But self-pity is unbecoming…and I’m a take action kind of gal. I know the best remedy is to get out and absorb some sunlight when the winter skies allow. Today the sun is bright, and the reflection off the pre-New Year’s Eve snowfall made my eyes squint. It’s 15 degrees F outside, so perhaps I won’t plan a long walk…maybe just once around the garden, and then into the greenhouse where we overwinter all of our tender plants.
Ahhh…the the luxury of a winter greenhouse. We keep a 100′ poly house heated to 50 degrees at night, and in it are stored all of our tender succulents and stock plants. Mostly, plants are in a semi dormant state, and are not very pretty, waiting for longer days to spur growth. The greenhouse is packed to the brim. Each time I walk in, I feel the promise of spring, plus a few midwinter surprises: plants (often from the southern hemisphere) that choose to bloom in January and February. The little Boronia above is in bloom. Here is what else presently greets me.
We still have this Mimulus selection brought back from the now closed Western Hills Nursery in CA. It blooms on new growth all year round, but can be a little temperamental if kept too wet or too dry. It also ships poorly, so if you ever want one, come visit us at the nursery.
Anybody know the name of this Orchid Cactus?
You gotta grow everything to really appreciate funky plants like this Rhipsalis. Specifically bought one of those face pots where this can be planted as the wig, come spring.
All the succulents that we buy as little plants take on larger proportions with age. This Paddle Plant erupts into bloom in winter.
Our office needed a replacement plant for the window sill, so I brought in this Beschnorneria. Bechnorneria are commonly called False Agave, and are hardy to about 15-20 degrees. We bought this unspecified selection from Cistus Nursery a good 6-7 years ago , and at last it has bloomed. It’s a shorter form with narrow tubular pink/red/green blooms.
We’re not open for visits during the winter months. Perhaps there is a little greenhouse operation near where you live, or one kept open at your local public garden. Plan a winter visit to support them, and get your sunshine fix. Your purchases and membership dues help pay the heating bills, and they offer you a retreat when you can’t make it to a southern climate.
I was trying to ignore the holidays this year. A visit to the west coast for our son’s mid year college graduation filled our calendar in early December. I had started to rethink the winter containers before I left, but didn’t get very far. Upon returning home there was a ton of unfinished business to attend to. We aren’t hosting a Christmas gig this year. No little children to dazzle and excite. A part of me said why do you want to give yourself more to do?
Then, last night, while driving home, passing house after house decked with holiday lights and showy front door entries, I really felt let down pulling into our driveway. No lights to greet me, no glow of a Christmas tree inside. Does anybody live here? That was the message our place was saying. Not a good one.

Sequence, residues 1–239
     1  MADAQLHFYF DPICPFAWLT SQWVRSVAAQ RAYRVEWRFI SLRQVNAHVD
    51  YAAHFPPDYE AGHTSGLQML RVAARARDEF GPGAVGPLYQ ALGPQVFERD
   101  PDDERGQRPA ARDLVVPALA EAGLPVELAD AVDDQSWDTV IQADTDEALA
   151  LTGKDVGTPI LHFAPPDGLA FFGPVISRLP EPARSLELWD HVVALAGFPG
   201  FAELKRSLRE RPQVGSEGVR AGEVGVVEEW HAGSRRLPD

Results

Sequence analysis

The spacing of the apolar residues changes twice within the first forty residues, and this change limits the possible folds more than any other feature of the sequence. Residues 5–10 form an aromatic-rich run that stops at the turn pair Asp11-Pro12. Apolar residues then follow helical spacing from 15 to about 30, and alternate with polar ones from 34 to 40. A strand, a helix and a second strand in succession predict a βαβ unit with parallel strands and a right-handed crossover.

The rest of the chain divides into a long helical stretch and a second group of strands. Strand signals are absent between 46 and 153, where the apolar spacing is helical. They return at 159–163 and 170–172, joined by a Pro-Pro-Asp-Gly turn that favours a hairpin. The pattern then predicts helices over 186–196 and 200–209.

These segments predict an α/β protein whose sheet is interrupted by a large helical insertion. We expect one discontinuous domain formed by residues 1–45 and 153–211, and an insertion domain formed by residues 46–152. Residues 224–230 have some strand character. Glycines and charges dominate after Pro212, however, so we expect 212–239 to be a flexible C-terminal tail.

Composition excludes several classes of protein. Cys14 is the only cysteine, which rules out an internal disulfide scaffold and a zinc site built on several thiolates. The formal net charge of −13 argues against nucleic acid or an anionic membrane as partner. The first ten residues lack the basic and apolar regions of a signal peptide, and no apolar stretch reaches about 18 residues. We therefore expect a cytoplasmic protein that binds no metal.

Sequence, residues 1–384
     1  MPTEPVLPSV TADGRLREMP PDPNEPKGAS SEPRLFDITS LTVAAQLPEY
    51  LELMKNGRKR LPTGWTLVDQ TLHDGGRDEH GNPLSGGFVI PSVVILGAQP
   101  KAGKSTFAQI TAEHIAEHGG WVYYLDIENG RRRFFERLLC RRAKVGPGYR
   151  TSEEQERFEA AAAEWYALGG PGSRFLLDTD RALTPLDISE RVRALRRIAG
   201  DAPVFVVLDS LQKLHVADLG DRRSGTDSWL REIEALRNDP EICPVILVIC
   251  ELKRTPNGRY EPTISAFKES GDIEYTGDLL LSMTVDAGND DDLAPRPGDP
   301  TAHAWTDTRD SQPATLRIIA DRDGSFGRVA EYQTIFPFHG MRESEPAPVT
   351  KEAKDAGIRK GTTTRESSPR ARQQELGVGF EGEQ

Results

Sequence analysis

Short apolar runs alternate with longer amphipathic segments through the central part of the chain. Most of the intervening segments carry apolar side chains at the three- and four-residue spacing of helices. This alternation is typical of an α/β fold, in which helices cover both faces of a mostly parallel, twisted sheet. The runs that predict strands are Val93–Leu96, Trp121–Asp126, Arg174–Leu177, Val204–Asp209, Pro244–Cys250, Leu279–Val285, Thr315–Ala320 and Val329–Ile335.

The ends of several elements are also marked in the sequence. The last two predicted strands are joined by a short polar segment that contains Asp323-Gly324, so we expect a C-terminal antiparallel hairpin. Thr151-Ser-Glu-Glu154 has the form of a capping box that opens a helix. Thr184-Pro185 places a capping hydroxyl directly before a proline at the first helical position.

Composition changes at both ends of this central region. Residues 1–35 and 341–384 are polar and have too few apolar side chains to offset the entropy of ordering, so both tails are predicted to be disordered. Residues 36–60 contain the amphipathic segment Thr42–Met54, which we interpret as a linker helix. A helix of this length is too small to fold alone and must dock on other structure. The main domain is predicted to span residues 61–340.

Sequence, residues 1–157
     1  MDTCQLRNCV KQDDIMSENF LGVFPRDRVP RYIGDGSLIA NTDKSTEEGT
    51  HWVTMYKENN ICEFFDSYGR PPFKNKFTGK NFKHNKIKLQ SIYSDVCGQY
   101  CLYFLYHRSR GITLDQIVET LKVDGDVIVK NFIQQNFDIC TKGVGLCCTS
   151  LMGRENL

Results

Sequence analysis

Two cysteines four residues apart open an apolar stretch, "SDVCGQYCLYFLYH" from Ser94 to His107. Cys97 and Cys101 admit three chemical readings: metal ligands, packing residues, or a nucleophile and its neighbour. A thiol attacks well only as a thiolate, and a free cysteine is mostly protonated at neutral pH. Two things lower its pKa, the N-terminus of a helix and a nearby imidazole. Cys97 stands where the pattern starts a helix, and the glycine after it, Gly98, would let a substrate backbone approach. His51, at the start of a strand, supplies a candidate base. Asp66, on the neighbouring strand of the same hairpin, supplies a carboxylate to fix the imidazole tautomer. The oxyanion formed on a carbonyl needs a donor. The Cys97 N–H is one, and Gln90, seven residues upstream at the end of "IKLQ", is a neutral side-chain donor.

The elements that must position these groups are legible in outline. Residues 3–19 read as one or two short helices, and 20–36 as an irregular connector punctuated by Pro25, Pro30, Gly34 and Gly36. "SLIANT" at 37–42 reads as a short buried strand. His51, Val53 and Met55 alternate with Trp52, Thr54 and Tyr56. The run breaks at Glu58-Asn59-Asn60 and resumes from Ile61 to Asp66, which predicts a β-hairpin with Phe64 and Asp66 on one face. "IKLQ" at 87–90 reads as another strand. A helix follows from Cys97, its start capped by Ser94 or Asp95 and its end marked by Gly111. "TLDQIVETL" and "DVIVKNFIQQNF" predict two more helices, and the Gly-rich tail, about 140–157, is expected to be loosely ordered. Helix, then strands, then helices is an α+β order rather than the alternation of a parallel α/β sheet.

Here’s what I got done so far this morning.
Finished the wreath for the front door. It’s not good lighting for a photo right now, but maybe tonight, with a few Christmas lights!
Happy Holidays, Merry Christmas, Happy New Year, Winter Solstice Greetings to all!
Just took a break from fall cleanup chores and went to grab my camera to capture a few images. I went to upload into my November 2012 image folder, and noticed the November 2011 folder right next to it, so I had to look. Same day, same garden, different year. Yes, we did some garden editing this spring, but what struck me is the dramatic color difference in the Japanese Maple Acer palmatum ‘Katsura’.
It would be a difficult choice, but if I had to select one deciduous tree for my garden, it would have to be the Korean form of Stewartia pseudocamellia, and this is why: here is a small tree (25-30′) with striking interest in all 4 seasons. In winter, a mature Stewartia pseudocamellia var koreana shows off its handsome narrow pyramidal shape, which broadens a bit with age, and lovely exfoliating bark, exposing shades of tan, pink and gray. In spring, it breaks anew with fresh dark green elliptical leaves, arranged alternately along its branches. In early summer, lovely 3″ white camellia like flowers are displayed. Each blossom only lasts a short time, but there are so many produced over several weeks that you never feel it is not performing. In autumn, Stewartia pseudocamellia is truly mesmerizing, flashing you with foliage in shades of brilliant red, orange, gold and green.
Stewartia pseudocamellia is native to Japan and Korea, and the Korean form is generally considered a bit hardier. The Korean form tends to have a more narrow pyramidal shape than the species found in Japan. In its native habitat, it is found growing with Clethra barbinervis and Enkianthus campanulatus, both exceptional large shrubs or small trees, with multi season interest. Stewartia pseudacamellia var. koreana grows best in sun or partial shade in a humus rich but well drained soil, out of strong wind. It is hardy to minus 20F and grows well in zones 5-8.